Today’s inbox is highly interactive and every email is viewed in stages. Subscribers decide whether they want to continue the viewing experience or exit at each stage, so it’s important to know what those stages are and plan for each one.
The Opening Act
So you’ve crafted the perfect email—your design is on point, your headlines are catchy, you’re ready to own the inbox.
But before an email is even opened, subscribers quickly scan what we marketers like to call the envelope content, which includes the sender’s name, the subject line and the pre-header text.
First things first—the sender’s name. This might seem obvious, but you’d be surprised how many brands miss the chance for their email to be opened just because they chose the wrong “from” name. In fact, 68 percent of people decide whether to open an email based on the name, according to Campaign Monitor—so choose wisely (and be consistent).
Next is the email’s subject line. While it may seem like a small piece of your overall message, the subject line is one of the email’s very first impressions. And often, it’s your ticket to standing out in a crowded inbox.
Then comes the pre-header text. Pre-header text is the line or two of copy that appears in the preview pane before an email is opened. It allows you to add context to your email. Typically, the pre-header supports the subject line and gives a glimpse at the email’s content. It can be especially helpful if you’ve chosen a more playful subject line.
To Scroll or Not to Scroll
Yay! They opened your email. Now what? During the pre-scroll stage, subscribers are taking inventory of the email’s content to decide if they want to take immediate action or if they want to scroll.
The pre-scroll stage happens fairly quickly. So how do you make sure you’re making the most of this stage?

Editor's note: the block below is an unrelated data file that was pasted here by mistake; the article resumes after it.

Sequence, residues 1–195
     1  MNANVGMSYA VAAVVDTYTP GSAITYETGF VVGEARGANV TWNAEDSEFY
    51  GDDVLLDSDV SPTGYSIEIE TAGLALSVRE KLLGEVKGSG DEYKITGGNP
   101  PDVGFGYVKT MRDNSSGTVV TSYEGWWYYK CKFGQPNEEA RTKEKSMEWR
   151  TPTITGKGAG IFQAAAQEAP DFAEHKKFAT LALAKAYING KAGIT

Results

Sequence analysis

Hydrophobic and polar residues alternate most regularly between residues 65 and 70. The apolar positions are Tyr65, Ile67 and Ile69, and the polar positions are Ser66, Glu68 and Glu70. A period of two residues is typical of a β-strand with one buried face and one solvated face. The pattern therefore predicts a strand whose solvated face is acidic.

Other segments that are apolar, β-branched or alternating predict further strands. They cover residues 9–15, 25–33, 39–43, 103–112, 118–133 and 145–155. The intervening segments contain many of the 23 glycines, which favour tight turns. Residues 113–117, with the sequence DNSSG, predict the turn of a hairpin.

Start with brand recognition. Include your logo and/or brand name—this element should remain consistent, which is why most brands will incorporate this as a template element so it’s always found in the same location.
Be strategic with your content hierarchy. Think of your primary message—if readers only take one action or absorb one idea from your email, what do you want that to be?
Use compelling headlines and a quick call-to-action in this stage.
Optimize for your audience. There are three types of email openers: the readers, the skimmers, and the glance-then-deleters. Until you’ve determined your audience breakdown, assume your list is full of those glance-then-deleters—these are openers who won’t make it past the first scroll.
Pro-tip: Enlist the help of services like Litmus or Email on Acid to provide a snippet of code within your email HTML that allows you to observe how long subscribers are engaging with your email.
We scroll through Instagram and we scroll through Facebook, so it makes sense that we scroll through email, too.
It’s important to understand what’s happening when a reader is scrolling. They’re looking for:
- Keywords & Images — What appeals to me?
- Value Proposition — What’s in it for me?
- Next Steps — What do you want me to do next?
Here’s how to be successful in this stage:
Create an easy viewing environment. Starting with a mobile-first approach. Think single column, stacked image, and content blocks—and clean content containers.
Design for scannability. Use bold headlines, supporting images, bulleted lists, and actionable CTAs.
Be relevant and personal. Look for opportunities to tailor your content and target your message based on the recipient’s expressed interest. If you’re a sporting goods brand and you’re having a sale on yoga pants, narrow your audience to only include those type of shoppers so the reader’s experience feels more customized.
Email Is a Gateway, Not a Destination
You know the saying: “It’s not about the destination, it’s about the journey.” Well, that doesn’t apply in email. We’re all about the destination. Which means that every email should have a goal in mind and a designated place to help achieve that goal. There should be a strong connection between the email’s content and the linked landing page to help reassure subscribers they’ve arrived at the right place.
How to be successful in this stage:
Deliver on your promise. Nobody likes clickbait. It might earn you some initial clicks, but users will inevitably drop off—and then be unlikely to return.
Remove barriers. Look for ways to make the next step easy on your audience. If you’re asking users to download a whitepaper, take the extra step to program your form to auto-populate with their name and email address. Chances are you already have that information—so why not use it it for good?
Finding Email Excellence
The perfect email is achieved when creative teams consider all four of these stages and understand how each layer works together to enhance the viewing experience and drive action. The good news? If you nail the inbox experience once, chances are that your consumer will continue to engage.